3

I frequently have inline comments for variables:

var1 = 0    # Var 1
var2 = 0    # Var 2
var3 = 0    # Var 3
var4 = 0    # Var 4

(This is in python, for example, but this question applies to C-Style // just the same.)

Sometimes it happens that as I develop I have to add new variables and they may end up being longer than the previous variables. I then have to refactor my white space from

var1 = 0    # Var 1
var2 = 0    # Var 2
var3 = 0    # Var 3
var4 = 0    # Var 4
variable = 234 # Var

to

var1 = 0        # Var 1
var2 = 0        # Var 2
var3 = 0        # Var 3
var4 = 0        # Var 4
variable = 234  # Var

or thereabouts.

Right now I line-by-line it ciw with the cursor in the white space and then tab a lot. Is there a simpler way to do this? >w and >W just indent the line (it honestly seems like > only indents line by line so I don't understand the 'subject-verb' point of it (it almost seems like >> is redundant)).

I would really like something built-in, like I would have expected >w to have worked, but if that's not the case, I suppose a plug in will do.

3

>w doesn't work because > is a line-wise operator no matter what motion you give it.

There are a few ways to accomplish the edit you're looking for:

1. insertion with repeat

After you've inserted tabs/spaces to get the alignment you want, press . on the remaining lines. No need to insert again.

2. visual block insert

Again visually select a block (ctrl-v3j) then type I to insert. Press <tab> or <space> to make up the spaces, then press <esc>. The insertion will apply to all the lines within the selection.

3. visual block shift (:help v_b_<)

Visually select a block (press ctrl-v) downwards from the first # (3j). Now type >. This will shift only the text to the right of the start of the visual block selection. This operation has downsides though, if the space needed isn't a multiple of shiftwidth, and the corresponding < doesn't work.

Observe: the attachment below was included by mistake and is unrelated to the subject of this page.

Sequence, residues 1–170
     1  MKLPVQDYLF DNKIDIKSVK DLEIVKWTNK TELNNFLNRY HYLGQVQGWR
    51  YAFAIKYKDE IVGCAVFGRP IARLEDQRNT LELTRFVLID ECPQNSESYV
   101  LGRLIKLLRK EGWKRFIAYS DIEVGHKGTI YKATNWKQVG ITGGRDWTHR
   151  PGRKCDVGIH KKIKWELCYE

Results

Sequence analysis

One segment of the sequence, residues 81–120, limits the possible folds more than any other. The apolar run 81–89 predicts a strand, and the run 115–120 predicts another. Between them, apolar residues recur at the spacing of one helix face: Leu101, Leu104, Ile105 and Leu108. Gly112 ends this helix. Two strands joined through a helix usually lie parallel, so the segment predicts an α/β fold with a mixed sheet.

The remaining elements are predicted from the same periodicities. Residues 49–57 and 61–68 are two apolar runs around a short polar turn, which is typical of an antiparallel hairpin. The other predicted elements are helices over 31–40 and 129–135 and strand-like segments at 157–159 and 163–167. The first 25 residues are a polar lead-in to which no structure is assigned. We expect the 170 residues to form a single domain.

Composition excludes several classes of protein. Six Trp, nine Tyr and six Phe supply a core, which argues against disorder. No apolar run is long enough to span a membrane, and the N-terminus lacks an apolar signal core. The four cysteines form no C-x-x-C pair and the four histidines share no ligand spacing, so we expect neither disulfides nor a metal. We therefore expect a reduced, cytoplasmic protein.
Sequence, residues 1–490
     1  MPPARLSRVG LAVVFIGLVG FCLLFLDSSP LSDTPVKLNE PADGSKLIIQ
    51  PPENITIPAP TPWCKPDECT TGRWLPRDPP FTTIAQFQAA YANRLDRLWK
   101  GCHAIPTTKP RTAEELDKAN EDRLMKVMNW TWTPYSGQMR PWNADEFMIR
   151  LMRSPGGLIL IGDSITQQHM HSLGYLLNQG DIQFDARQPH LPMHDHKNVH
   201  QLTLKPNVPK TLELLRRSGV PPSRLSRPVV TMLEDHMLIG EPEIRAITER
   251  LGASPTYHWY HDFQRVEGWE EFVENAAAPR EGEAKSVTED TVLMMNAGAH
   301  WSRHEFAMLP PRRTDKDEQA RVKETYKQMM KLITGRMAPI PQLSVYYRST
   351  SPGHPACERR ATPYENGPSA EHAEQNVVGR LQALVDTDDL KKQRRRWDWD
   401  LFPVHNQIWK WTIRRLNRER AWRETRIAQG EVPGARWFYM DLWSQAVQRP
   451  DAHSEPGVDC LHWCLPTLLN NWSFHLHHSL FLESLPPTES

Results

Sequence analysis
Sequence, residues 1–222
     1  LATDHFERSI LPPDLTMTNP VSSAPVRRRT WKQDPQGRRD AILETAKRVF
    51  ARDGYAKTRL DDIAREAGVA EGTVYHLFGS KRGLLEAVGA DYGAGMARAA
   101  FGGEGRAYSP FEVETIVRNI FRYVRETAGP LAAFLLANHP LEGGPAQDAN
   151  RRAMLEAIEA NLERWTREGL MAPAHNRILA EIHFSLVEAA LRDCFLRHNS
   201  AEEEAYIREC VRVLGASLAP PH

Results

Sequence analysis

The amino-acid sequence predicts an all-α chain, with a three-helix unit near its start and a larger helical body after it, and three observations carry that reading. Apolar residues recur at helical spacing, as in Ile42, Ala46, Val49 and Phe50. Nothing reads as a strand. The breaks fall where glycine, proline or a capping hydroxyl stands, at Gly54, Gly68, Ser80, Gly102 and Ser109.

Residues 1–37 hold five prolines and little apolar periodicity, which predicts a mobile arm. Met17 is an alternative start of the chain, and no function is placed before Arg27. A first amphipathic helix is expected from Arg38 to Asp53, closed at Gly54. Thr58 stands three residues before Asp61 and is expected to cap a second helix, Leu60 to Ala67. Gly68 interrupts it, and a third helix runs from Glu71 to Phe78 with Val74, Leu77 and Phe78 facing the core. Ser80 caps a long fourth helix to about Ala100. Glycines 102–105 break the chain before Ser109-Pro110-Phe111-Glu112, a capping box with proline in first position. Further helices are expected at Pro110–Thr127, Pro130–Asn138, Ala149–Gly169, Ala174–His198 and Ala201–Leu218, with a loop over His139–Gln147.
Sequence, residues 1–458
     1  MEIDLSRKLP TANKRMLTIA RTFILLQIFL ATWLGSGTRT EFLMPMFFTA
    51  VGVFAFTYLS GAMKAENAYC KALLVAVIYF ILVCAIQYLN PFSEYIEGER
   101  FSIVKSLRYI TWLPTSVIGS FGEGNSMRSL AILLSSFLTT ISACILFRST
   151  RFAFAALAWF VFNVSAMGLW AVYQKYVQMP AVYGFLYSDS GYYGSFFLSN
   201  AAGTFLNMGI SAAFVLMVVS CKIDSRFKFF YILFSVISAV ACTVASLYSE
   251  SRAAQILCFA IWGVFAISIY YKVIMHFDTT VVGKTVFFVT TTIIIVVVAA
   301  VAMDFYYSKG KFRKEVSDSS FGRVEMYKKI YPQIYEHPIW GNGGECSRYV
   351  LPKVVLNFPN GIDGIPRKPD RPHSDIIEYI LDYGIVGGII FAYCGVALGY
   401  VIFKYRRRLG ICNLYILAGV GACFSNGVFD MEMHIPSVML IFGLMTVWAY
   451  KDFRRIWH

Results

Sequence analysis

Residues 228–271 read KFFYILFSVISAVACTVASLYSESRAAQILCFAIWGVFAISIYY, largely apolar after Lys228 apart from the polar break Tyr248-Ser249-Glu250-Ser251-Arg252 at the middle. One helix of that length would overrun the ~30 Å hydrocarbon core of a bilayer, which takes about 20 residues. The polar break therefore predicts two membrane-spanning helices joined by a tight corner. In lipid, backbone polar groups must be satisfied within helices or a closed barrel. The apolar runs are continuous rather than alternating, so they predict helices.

4. plugin tabular.vim

Visually select the lines you want to align then type :Tabularize /#/. This will look like

:'<,'>Tabularize /#/

in the cmdline. Then the comments will become aligned.

  • (1) has the problem that you always have to have cursor return to the same position in the white space (I've used . for this purpose in conjunction with my ciw method but never found it satisfactory. (3) is the closest to my original conception of a solution, but you're right, it does have significant alignment problems and you can only > once before the text is de-selected. (4) I have literally no plug ins installed, but I will investigate tabular.vim. (2) seems to me to be the best solution and it's the closest to how I already comment out lines of code and works very well. Thank you. – malan Jul 25 '18 at 12:15
1

You can use visual block mode: Move to the first # which you want to indent, press CTRLV, select all the lines you care about and the use I or A so insert text before or after the block you selected.

The text will only appear on the first line until you press Esc, then it will also appear on the other lines.

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